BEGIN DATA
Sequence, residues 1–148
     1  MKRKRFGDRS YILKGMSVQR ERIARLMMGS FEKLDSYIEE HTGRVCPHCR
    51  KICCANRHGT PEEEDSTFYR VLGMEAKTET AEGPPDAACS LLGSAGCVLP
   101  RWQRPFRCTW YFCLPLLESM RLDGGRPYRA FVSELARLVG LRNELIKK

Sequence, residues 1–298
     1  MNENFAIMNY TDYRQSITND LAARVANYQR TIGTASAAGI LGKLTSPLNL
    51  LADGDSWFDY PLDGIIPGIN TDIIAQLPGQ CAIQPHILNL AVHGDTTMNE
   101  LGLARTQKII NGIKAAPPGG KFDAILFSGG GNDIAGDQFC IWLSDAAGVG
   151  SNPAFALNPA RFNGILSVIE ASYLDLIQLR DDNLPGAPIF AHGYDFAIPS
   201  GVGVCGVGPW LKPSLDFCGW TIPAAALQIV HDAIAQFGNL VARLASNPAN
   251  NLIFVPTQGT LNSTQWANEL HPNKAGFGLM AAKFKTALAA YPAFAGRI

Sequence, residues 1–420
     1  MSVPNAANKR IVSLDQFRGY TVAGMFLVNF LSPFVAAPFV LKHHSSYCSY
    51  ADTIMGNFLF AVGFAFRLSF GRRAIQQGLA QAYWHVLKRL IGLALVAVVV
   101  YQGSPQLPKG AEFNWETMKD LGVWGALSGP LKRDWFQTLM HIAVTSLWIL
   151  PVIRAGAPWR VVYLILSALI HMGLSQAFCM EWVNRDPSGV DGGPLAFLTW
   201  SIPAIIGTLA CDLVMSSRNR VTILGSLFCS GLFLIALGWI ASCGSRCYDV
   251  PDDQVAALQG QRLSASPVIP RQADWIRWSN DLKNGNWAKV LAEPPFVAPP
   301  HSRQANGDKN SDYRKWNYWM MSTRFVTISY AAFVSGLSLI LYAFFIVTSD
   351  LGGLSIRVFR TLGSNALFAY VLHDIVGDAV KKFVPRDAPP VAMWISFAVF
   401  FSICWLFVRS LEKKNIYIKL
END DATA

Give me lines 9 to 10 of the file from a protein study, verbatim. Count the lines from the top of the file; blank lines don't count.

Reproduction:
   151  SNPAFALNPA RFNGILSVIE ASYLDLIQLR DDNLPGAPIF AHGYDFAIPS
   201  GVGVCGVGPW LKPSLDFCGW TIPAAALQIV HDAIAQFGNL VARLASNPAN